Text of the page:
Grass pickerel (Photo by Brian Zimmerman)

This subspecies is frequently confused with another subspecies of the pike family, the grass pickerel (or American pickerel), due to its similar size. Key indicators of the redfin subspecies are its red fins and distinct, dark markings. Both of these subspecies however are often mistaken for young northern pike and muskellunge. Juvenile fish of both the redfin and grass pickerel subspecies are known to eat invertebrates, while the adults consume small fish and crayfish.

In Ontario grass pickerel is considered a species of special concern, meaning the species is not considered endangered or threatened but may become so due to a combination of threats such as decreased water levels and loss of aquatic vegetation.

The most abundant pike species across Canada is northern pike. It can be found in waters from British Columbia all the way to Quebec. Although they can grow to be quite large, northern pike can swim up to 16 kilometres an hour. In Alberta, northern pike have been found to weigh up to 50 pounds!

Muskellunge (Photo by U.S. Fish and Wildlife Service)

Muskellunge (Photo by U.S. Fish and Wildlife Service)

Northern pike is often mistaken for muskellunge, due to the species’ similar markings and size in adulthood. One can tell the difference between these species by looking at the underside of their lower jaw. Northern pike will have five or fewer pores on each side, while muskellunge will have six to nine. In addition, a northern pike’s cheek is completely covered in scales, while only the upper half of a muskellunge’s cheek will have scales.

Although not mentioned above, another pike species is tiger muskellunge. This species is a result of cross-breeding between the male northern pike with the female muskellunge. This breeding is often done in fisheries but can occur in the wild. These hybrids have five to eight pores on each side of their lower jaw.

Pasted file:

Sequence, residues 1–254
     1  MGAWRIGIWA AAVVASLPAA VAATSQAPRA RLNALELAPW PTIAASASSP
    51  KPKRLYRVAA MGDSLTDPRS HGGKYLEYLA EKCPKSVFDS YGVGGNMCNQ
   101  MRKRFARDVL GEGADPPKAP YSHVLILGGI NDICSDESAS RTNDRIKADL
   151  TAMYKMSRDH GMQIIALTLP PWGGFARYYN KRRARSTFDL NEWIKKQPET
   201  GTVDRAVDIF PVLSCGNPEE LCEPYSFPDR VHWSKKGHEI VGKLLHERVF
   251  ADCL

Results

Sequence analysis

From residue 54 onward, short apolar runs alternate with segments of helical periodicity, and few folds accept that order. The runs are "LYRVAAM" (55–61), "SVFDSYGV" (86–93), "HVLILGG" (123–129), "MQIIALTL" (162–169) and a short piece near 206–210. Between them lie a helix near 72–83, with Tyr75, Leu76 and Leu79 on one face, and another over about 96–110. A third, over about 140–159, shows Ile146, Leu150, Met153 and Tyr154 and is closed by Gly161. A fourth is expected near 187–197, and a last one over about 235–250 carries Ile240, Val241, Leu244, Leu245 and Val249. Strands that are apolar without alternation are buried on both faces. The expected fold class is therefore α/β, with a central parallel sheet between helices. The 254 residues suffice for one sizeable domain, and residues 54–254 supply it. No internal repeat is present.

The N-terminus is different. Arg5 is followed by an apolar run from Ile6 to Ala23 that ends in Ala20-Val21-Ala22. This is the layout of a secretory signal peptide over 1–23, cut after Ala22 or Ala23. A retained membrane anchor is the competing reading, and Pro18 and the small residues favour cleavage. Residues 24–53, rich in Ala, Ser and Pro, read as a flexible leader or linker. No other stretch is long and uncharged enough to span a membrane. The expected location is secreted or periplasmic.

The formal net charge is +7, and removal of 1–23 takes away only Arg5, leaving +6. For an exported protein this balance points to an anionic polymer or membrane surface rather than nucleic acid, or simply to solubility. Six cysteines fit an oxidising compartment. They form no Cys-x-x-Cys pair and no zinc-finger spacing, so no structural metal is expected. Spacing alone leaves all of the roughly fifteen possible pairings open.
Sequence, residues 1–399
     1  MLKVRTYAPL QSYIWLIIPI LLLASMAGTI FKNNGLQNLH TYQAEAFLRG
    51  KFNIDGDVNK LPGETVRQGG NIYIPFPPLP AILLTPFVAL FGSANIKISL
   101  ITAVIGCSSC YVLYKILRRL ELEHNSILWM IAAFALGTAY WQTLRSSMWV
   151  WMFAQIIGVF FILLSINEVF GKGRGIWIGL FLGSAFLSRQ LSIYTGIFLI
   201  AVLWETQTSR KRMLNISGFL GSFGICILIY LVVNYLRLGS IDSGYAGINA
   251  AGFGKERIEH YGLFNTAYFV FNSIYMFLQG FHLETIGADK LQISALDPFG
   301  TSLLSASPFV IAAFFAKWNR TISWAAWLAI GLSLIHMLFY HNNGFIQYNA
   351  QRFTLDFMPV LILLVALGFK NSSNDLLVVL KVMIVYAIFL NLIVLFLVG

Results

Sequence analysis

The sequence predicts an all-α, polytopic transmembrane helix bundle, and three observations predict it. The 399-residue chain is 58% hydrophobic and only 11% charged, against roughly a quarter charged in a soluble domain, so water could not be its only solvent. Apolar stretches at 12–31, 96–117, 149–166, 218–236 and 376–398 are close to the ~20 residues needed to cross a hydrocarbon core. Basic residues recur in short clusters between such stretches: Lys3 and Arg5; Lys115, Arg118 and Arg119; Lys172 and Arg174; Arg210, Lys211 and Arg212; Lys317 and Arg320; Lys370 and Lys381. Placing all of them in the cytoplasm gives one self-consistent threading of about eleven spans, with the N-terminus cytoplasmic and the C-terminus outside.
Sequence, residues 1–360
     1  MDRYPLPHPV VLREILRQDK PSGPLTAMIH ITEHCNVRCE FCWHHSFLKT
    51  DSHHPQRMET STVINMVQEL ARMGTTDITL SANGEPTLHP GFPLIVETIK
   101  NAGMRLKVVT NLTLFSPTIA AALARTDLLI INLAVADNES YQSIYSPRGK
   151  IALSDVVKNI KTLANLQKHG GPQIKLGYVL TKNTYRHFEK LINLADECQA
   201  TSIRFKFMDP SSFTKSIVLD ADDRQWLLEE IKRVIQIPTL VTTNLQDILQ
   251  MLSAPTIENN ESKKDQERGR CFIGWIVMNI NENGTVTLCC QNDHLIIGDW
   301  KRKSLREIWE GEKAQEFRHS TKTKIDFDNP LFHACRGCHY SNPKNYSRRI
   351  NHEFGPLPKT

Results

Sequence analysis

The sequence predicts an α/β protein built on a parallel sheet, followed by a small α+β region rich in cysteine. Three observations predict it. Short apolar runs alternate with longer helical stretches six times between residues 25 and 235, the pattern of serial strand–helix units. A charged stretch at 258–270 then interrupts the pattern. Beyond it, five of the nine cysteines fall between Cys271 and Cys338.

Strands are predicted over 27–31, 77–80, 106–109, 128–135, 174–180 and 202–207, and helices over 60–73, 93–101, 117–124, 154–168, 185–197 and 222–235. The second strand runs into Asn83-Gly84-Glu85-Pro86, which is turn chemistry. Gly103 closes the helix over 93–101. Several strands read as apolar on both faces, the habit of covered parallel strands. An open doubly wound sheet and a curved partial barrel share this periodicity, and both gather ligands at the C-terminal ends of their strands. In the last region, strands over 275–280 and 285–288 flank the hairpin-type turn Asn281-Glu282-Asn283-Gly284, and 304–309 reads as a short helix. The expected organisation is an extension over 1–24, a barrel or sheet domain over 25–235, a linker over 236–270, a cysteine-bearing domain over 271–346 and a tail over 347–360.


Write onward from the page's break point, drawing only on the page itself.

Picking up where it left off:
Chain pickerel (Photo by Ken Hammond)

Chain pickerel (Photo by Ken Hammond)

Chain pickerel are an introduced species to Canadian waters. In Nova Scotia, the population of this species boomed due to the illegal introduction of small mouth bass in lakes and rivers. They reportedly coexist with native species of trout and salmon, despite having the same food source.

An overabundance of chain pickerel however could cause a depletion of native species, so its population is closely monitored. The species is also known to exist in Ontario. The first appearance of chain pickerel in Ontario was recorded in 2008.

So whether you catch a little grass pickerel or a beastly muskellunge, remember one thing: watch where you put your hands. These species have bite!

Something’s Fishy is a monthly series written by NCC’s Communications Assistant, Raechel Bonomo, highlighting a species or group of fishes that inhabitant Canadian waters.

About the Author

Raechel Bonomo joined the Nature Conservancy of Canada’s team in July 2015 as the communications assistant.